Can the ECB gain credibility by explaining its strategy?

August 24, 2022

By Michael Ehrmann, Dimitris Georgarakos and Geoff Kenny

Communication with the general public is important for monetary policy. Although it is difficult for central banks to reach the general public, recent research shows that explaining the ECB’s inflation target and strategy to consumers can boost its credibility.

The ECB clarified its inflation target as part of its strategy review in 2021. Despite the ECB’s efforts to communicate the results, the vast majority of the general public remains unaware of the new inflation target. What if the ECB had been able to communicate the results of its new strategy more effectively to the public? We were curious whether explaining the ECB’s inflation target and strategy would help boost the ECB’s credibility. So we asked consumers. This blog post describes the research results from this study.

Consumers are often unaware of the new inflation target

Communicating with non-experts is important for central banks, especially in the current environment of high inflation rates. Decisions about household consumption and investment are made by the general public, and these decisions are of crucial importance for economic development. But non-experts are hard to reach. When we asked in September 2021, as part of the ECB’s Consumer Expectations Survey (CES), whether consumers had heard of the ECB over the summer (when the ECB announced its new strategy), the majority of respondents said they did not.[1] And of those who had heard of the ECB, most could not remember what they had heard, so only around 10% of consumers said they had heard of a new strategy.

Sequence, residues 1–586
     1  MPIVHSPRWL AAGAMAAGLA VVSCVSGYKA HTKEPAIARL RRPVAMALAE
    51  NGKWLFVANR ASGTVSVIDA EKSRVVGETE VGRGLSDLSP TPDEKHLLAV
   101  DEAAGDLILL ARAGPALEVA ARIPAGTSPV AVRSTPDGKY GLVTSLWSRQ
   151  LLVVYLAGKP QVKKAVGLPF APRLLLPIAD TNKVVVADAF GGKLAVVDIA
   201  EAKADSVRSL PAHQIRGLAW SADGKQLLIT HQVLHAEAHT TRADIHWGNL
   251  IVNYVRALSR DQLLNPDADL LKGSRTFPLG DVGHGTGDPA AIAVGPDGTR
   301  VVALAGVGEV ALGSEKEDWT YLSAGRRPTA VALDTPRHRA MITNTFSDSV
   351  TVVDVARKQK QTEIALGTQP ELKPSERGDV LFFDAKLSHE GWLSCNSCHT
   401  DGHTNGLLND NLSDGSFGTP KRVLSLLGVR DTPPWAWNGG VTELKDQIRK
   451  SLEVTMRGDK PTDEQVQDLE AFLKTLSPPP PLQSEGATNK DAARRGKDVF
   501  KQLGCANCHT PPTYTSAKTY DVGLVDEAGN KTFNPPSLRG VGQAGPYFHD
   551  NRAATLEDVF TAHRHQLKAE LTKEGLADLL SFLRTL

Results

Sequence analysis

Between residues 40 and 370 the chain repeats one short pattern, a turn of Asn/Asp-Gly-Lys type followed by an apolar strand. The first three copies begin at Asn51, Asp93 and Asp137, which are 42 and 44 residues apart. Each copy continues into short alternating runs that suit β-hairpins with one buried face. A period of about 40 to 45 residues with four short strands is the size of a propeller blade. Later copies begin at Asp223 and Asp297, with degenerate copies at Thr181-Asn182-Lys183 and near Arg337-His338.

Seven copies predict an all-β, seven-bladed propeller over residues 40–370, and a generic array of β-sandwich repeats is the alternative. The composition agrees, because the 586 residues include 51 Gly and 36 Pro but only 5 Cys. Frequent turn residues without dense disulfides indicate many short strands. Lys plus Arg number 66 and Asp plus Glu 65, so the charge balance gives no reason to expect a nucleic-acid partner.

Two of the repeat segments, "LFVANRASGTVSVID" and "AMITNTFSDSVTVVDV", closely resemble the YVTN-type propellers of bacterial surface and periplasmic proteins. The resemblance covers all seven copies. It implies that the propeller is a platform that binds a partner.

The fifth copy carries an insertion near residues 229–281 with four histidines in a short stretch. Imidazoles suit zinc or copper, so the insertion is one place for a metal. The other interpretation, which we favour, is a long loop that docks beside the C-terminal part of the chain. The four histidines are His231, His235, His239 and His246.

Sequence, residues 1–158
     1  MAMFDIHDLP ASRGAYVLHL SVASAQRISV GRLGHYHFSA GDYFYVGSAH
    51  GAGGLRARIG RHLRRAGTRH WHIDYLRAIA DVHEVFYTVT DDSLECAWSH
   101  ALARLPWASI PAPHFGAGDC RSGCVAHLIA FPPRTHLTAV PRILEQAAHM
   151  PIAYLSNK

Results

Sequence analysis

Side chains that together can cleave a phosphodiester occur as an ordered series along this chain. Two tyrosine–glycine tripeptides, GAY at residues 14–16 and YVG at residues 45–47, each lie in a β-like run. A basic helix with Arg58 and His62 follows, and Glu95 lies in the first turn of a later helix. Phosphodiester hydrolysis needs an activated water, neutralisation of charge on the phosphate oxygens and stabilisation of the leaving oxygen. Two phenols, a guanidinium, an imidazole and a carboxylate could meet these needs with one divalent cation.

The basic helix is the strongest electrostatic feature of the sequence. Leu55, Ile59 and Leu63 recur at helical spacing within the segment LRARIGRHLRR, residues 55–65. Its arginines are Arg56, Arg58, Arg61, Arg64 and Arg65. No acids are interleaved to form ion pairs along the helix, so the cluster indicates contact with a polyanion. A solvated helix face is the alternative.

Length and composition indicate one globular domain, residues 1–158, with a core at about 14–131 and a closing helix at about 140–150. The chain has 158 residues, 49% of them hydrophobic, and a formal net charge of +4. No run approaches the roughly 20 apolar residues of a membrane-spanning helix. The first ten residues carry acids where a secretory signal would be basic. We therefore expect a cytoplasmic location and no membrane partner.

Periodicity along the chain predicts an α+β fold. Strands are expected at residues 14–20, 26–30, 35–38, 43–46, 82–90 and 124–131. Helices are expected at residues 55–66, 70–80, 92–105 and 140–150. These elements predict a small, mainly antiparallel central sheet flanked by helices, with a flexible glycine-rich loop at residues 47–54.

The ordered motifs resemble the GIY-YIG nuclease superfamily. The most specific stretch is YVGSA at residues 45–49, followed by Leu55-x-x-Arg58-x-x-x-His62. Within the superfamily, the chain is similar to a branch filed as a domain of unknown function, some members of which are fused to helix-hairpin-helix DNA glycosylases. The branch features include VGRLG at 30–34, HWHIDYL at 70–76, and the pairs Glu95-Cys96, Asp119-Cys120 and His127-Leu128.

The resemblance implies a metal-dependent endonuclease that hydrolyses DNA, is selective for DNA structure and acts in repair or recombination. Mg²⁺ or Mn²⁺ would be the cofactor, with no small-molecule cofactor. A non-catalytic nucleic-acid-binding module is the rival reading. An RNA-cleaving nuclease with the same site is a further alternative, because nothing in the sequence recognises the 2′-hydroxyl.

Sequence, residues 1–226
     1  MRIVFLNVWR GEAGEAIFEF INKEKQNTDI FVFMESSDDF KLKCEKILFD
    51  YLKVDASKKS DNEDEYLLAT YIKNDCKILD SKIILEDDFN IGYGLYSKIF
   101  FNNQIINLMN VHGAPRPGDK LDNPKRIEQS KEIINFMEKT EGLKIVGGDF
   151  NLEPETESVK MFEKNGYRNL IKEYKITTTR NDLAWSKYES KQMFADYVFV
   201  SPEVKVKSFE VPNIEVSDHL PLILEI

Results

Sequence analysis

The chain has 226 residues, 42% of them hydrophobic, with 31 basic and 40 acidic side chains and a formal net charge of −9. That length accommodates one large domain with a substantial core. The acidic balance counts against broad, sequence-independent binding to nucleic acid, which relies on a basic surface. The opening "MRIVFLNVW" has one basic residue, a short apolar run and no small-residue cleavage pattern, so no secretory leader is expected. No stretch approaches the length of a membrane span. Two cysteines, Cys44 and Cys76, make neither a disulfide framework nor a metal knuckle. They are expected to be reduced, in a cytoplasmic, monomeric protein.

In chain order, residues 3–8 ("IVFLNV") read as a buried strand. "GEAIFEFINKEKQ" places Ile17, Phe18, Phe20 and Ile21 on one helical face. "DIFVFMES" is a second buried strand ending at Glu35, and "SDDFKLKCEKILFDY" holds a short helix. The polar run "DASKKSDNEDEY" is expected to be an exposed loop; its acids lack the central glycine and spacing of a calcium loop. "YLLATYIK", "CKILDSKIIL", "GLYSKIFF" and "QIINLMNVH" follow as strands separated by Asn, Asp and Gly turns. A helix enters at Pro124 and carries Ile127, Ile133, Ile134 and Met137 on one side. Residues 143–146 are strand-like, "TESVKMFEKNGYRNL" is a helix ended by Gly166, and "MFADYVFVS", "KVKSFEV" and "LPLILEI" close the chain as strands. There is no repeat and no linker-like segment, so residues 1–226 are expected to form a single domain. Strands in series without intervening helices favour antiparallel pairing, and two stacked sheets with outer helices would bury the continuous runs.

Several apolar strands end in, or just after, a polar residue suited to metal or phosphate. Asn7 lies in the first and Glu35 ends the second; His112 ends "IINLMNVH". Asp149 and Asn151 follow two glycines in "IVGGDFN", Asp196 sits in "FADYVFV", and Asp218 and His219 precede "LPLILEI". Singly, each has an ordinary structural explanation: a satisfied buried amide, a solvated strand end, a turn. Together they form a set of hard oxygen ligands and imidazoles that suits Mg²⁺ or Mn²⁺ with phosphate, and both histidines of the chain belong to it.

The ECB changed its strategy and inflation target, but failed to get the message across to Eurozone consumers. What if the message had reached the general public? Would this have affected the credibility of the ECB, and what type of information would have been useful in this respect? To answer these questions, again using the same CES wave in September 2021, respondents were given different “information treatments” – to use the analogy of a medical trial.[2] We grouped the respondents into five groups. The first, the “control group,” received no information treatment (similar to a group that receives placebos in a clinical trial). The other four groups received different treatments. The second group was told that the ECB is aiming for a 2% inflation target which is symmetric, meaning that the ECB considers negative and positive deviations from the target to be equally undesirable, but also that the inflation can sometimes be slightly higher or lower than the target. We treated the third group in the same way, but we also gave them more economic context, explaining how an inflation target helps stabilize the economy and contributes to economic growth and employment. Like the second group, groups four and five only received the basic information on the inflation target, without the economic explanation. However, everyone was given an additional concept to consider, which they could easily identify with and which appears in the new ECB strategy. Group Four was briefed on the role of climate change and Group Five on the ECB’s plan to better take housing costs into account when measuring inflation.